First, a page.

Personal Relationships and
Stanley O. Gaines, Jr
Pomona College, Claremont, CA, USA
University of Texas, Arlington, TX, USA
Because interracial relationships are different from other kinds of relationships, they warrant a special accounting. Providing such an accounting—or, at least, a first approximation of one—is the major goal of this chapter. Starting from the premise that interracial relationships are different from other types of interethnic relationships, we will explore the nature of these differences and their implications for the perceptions by “outsiders” and “insiders” of various subtypes of interracial relationships (same-sex vs mixed-sex, romantic vs platonic).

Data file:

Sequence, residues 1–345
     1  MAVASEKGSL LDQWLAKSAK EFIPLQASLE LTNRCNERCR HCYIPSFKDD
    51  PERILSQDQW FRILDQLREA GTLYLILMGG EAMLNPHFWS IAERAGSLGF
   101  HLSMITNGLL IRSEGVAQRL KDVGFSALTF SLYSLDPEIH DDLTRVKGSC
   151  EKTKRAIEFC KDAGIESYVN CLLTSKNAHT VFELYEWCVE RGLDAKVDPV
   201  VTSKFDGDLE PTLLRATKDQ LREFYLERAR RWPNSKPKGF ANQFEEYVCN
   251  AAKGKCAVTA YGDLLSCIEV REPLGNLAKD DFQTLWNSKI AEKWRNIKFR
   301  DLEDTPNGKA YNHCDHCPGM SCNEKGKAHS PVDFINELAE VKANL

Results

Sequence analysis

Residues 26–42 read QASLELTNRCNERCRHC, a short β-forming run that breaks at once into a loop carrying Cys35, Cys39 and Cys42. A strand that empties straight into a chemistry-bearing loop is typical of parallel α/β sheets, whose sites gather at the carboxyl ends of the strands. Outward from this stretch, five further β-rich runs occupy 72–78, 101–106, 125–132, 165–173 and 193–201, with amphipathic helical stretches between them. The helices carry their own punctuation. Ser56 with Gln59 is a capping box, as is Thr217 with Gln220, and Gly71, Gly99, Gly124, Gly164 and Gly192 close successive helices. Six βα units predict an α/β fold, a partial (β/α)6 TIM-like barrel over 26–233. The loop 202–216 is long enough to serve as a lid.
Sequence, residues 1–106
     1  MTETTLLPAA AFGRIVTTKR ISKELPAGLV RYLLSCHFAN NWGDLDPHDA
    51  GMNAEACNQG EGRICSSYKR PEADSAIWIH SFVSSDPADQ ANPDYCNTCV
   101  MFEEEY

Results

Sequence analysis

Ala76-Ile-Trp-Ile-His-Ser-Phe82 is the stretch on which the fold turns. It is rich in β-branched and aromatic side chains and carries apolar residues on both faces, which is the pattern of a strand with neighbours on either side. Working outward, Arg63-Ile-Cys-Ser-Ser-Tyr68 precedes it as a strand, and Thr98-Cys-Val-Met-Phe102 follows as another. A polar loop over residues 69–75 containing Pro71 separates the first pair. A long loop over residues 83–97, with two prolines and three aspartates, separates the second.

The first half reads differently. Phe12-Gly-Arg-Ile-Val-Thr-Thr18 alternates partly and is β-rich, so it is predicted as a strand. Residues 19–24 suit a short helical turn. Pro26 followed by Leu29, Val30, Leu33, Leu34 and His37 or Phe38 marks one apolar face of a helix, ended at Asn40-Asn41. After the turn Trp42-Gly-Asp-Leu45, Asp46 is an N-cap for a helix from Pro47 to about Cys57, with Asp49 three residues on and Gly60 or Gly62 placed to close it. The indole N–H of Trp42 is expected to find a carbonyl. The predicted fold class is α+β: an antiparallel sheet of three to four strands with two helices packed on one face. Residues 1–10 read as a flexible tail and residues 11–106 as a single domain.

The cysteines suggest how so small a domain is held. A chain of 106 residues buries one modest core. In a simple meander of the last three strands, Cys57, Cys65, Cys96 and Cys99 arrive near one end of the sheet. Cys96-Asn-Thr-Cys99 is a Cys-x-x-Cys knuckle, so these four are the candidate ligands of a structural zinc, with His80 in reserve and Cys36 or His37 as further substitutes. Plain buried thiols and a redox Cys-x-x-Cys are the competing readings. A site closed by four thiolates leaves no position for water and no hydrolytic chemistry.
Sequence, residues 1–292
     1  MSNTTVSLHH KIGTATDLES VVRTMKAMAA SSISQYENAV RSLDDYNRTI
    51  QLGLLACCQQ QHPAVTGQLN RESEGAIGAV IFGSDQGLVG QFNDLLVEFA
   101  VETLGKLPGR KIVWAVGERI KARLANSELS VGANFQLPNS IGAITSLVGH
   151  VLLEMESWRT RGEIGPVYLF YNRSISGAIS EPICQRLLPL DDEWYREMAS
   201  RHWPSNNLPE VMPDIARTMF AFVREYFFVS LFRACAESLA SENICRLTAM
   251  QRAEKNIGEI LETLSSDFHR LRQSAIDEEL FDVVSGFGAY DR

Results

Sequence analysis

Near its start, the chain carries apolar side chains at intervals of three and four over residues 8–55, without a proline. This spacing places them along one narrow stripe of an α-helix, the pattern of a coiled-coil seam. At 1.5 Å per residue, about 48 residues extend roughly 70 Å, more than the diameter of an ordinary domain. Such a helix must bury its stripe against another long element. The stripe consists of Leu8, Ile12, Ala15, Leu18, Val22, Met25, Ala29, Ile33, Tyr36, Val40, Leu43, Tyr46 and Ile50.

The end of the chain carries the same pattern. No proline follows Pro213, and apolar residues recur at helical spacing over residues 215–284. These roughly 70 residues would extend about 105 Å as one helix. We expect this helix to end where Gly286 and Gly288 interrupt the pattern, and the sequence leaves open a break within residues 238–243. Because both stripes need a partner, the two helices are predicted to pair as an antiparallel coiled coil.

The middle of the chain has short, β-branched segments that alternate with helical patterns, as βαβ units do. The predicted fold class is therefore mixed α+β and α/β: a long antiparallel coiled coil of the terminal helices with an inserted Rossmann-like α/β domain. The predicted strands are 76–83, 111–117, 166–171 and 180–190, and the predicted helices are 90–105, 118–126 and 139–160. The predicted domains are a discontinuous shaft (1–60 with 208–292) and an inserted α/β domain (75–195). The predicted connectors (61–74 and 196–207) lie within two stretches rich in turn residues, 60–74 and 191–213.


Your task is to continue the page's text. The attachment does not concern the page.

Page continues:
We begin by reviewing evidence that interracial relationships are indeed different from other kinds of relationships. We then examine interracial relationships from two general perspectives: (1) the “outside” perspective of individuals who are observers of these relationships; and (2) the “inside” perspective of individuals who are the members of these relationships. To help illustrate and explain the processes that are presumed to underlie each of these perspectives, several relevant theoretical principles from the field of